House of Lords by Philip Rosenberg

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Jeffrey Blaine is a good man, a wealthy and powerful Wall Street broker with impeccable social standing. But his wife—who supports charitable foundations from their Park Avenue townhouse—seems to have lost interest in their marriage, and his daughter, a beautiful debutante ready for Yale University in the fall, has turned sullen and rebellious. Having achieved everything he'd ever dreamed of, Blaine now feels unsettled, stagnant, hungry for a new challenge—a challenge that presents itself suddenly in the person of Chet Fiore, an ambitious entrepreneur rumored to be tied to organized crime. When Blaine rebukes Fiore's offer to participate in an illegal business proposition, he discovers that the mafia lieutenant has laid an elaborate trap to ensure Blaine's cooperation: the abduction of his beloved daughter. To ensure her safe return, Blaine is forced now to become a partner in a money laundering scheme of immense proportions. But once the transaction is completed, Blaine is a changed man, unexpectedly empowered by Fiore's demands, a man ready to shed his staid past for the urgency and risk of a life of crime; and so they form an alliance that forever changes the lives of both men, leading to the demise of one and the corruption of the other.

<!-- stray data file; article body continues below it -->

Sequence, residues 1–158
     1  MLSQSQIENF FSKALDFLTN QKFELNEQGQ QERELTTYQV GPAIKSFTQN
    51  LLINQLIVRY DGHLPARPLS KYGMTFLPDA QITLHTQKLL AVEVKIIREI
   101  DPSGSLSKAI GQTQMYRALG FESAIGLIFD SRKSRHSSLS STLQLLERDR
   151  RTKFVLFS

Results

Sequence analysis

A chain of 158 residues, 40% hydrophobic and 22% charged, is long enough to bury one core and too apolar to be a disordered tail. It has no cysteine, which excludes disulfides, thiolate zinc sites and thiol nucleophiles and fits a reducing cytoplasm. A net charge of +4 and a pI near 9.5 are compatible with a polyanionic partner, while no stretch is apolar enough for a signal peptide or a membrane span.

House of Lords is a riveting investigation of power and corruption—part human drama, part thriller—that has the potential both to be a critically acclaimed portrait of our age.


About Philip Rosenberg

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Philip Rosenberg's previous books include the bestsellers "Badge of the Assassin" (with Robert K. Tannenbaum) and "Point Blank" (with Sonny Grosso). His numerous screenwriting credits include the adaptation of Tim O'Brien's "In the Lake of the Woods" and the sequel to "To Sir with Love, " starring Sidney Poitier. He lives in Danbury, Connecticut.
Published October 13, 2009 by HarperCollins e-books. 500 pages
Genres: Mystery, Thriller & Suspense, Literature & Fiction. Fiction

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Emboldened by the “money of the hidden self” that’s gushing forth, Blaine emerges as a slick, sharp player who gradually edges Fiore aside.

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